Faith: Yellow Box Church expansion doubles space

Community Christian Church in Naperville, often referred to as the Yellow Box Church, is preparing for the grand opening of its new addition in mid-September.

Pastor Shawn Williams says the $1.8 million project includes an expanded parking lot, a retention pond, a café and space for training volunteers. The new space accommodates up to 1,200 people. The old building only seated 600.

Despite the much larger space, Williams says the design makes it appear more intimate than the previous location. He says it is also much more aesthetically pleasing, surrounded by long windows, allowing for natural light to permeate the space.

“We’re a place that’s very relationally wired, and so for us, it’s not about coming to a big spectacle or show,” he says. “But, rather, how do we create experiences about how people relate to each other and to God?”

The new building will help CCC achieve that goal with better technology for audio and visual needs at church services.

The new building also increases the opportunities for people to connect in different ways, he says.

One way members are staying relevant is by participating in a joint effort with Indian Prairie School District 204 to collect and deliver backpacks filled with school supplies to children who would otherwise go without. He stresses the importance of being “a church that exists for our community.”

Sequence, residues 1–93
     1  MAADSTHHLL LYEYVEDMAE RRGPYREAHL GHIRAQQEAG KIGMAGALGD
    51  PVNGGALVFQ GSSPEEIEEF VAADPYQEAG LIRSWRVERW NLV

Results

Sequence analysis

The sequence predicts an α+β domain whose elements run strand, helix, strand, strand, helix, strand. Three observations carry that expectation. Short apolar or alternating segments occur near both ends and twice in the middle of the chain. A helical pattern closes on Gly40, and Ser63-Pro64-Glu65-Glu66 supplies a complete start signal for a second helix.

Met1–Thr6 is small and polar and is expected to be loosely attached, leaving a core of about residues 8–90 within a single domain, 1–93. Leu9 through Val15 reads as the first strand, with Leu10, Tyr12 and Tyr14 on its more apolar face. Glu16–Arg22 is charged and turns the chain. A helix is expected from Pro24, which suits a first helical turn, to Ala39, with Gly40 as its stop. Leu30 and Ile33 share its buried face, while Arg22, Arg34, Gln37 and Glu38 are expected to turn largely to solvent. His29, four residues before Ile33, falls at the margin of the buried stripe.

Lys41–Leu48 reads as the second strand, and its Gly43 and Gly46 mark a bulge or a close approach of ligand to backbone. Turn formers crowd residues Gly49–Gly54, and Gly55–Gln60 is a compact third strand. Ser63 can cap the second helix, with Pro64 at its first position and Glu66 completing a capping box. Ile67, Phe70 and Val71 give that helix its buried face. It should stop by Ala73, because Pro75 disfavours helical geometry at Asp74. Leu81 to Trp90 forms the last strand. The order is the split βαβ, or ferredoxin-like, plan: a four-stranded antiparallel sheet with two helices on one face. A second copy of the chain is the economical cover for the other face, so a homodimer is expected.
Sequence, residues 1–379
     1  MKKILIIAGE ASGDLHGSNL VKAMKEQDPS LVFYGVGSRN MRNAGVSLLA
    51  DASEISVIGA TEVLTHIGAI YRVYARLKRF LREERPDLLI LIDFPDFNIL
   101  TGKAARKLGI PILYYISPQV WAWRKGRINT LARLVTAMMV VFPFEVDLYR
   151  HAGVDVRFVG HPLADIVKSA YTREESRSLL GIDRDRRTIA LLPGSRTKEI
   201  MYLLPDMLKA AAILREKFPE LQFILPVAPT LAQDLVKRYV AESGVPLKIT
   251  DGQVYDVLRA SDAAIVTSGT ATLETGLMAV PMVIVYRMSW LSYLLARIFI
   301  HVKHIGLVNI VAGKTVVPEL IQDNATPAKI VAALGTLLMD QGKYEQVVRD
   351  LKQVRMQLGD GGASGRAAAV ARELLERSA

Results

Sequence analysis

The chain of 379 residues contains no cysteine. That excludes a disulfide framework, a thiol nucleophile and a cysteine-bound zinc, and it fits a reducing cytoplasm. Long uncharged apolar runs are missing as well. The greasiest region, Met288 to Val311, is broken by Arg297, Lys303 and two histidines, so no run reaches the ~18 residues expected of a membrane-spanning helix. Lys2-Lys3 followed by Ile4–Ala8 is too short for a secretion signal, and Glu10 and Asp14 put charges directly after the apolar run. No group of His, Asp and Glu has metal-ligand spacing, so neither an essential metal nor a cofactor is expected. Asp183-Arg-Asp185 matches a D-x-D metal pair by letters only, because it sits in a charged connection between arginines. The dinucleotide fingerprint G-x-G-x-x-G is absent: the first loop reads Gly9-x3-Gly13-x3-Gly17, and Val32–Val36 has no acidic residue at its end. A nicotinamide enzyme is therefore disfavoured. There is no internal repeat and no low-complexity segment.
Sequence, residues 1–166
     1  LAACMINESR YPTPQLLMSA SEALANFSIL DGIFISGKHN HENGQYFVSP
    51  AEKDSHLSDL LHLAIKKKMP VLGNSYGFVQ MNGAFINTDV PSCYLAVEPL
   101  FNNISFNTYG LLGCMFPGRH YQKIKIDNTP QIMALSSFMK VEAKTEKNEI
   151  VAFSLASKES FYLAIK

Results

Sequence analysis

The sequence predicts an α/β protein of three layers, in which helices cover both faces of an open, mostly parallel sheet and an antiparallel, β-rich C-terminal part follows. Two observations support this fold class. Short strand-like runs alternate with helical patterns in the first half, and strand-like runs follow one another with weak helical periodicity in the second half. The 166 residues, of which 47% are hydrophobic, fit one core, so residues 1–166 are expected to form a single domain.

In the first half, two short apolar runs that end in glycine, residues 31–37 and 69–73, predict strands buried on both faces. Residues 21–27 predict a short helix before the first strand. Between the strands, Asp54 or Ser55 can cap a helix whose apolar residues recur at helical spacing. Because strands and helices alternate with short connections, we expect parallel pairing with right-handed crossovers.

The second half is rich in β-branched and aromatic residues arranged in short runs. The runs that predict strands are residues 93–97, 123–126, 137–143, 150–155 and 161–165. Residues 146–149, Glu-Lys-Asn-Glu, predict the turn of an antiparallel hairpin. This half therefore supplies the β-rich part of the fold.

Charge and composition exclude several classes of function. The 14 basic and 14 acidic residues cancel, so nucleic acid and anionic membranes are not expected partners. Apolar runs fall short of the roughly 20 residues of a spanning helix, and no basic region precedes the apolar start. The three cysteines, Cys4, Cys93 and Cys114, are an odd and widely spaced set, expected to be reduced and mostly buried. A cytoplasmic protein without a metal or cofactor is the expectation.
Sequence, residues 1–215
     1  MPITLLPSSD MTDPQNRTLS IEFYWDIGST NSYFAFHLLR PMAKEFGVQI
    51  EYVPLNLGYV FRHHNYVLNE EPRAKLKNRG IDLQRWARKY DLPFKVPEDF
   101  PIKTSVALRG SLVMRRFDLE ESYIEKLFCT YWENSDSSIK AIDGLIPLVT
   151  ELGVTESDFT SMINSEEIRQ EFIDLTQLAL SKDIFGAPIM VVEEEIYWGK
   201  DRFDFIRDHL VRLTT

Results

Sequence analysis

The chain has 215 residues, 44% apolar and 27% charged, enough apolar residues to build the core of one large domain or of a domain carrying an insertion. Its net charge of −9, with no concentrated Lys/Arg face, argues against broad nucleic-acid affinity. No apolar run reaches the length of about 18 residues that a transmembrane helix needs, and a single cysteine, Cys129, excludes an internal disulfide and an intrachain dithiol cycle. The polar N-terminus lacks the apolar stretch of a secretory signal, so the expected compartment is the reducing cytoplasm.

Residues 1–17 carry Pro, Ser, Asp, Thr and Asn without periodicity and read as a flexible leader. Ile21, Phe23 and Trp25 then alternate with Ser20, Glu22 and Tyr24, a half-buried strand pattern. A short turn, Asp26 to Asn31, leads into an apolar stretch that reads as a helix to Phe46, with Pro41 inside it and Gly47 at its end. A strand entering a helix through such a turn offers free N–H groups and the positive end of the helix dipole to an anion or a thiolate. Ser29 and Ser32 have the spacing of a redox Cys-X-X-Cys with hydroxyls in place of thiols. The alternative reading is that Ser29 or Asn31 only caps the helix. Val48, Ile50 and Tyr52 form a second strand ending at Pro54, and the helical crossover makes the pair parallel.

Big box or mega churches, as they are often called, first became popular in the early 1980s as an offshoot of the teen-based faith program called Young Life, according to Mark Krakowski, director of ministry at Benedictine University in Lisle.

He says people became passionate about their faith and were willing to share their experiences with each other. Eventually, Krakowski explains, a wave of faithful left churches they had grown up in to join churches like CCC or Willow Creek in Barrington, where they found church, and in particular, the sermon more relevant to their daily lives.

A significant number of those initial members stayed for about two or three years, according to Krakowski, and then returned to their home church.

A Loyola University study confirms a steady, but not necessarily gigantic growth in membership over a six-month or once-a-year time period at some of the big box churches. In conclusion, it reports that the most frequently given answer to why those members eventually returned to their church or religion of origin is a nostalgia for the sacramental part of church, according to Krakowski.

Marko Komarynsky, of Naperville, who was raised Catholic, says he falls into that group.

“I definitely felt that,” he says. “And it did cause some spiritual confusion. … I saw how important it was to my family and the relationship they had with God through CCC. That’s what kept me coming back.”

Krakowski probably wouldn’t be surprised to hear that.

“Catholics are excellent at inculcating and informing their children on a subconscious or a covert level to really have a deep need of the sacramental part of their lives, even if they do have a bad religious education system,” Krakowski says. “It’s complicated. But, the growth of CCC is good news, because it means people are seeking spirituality, a connection with God.”

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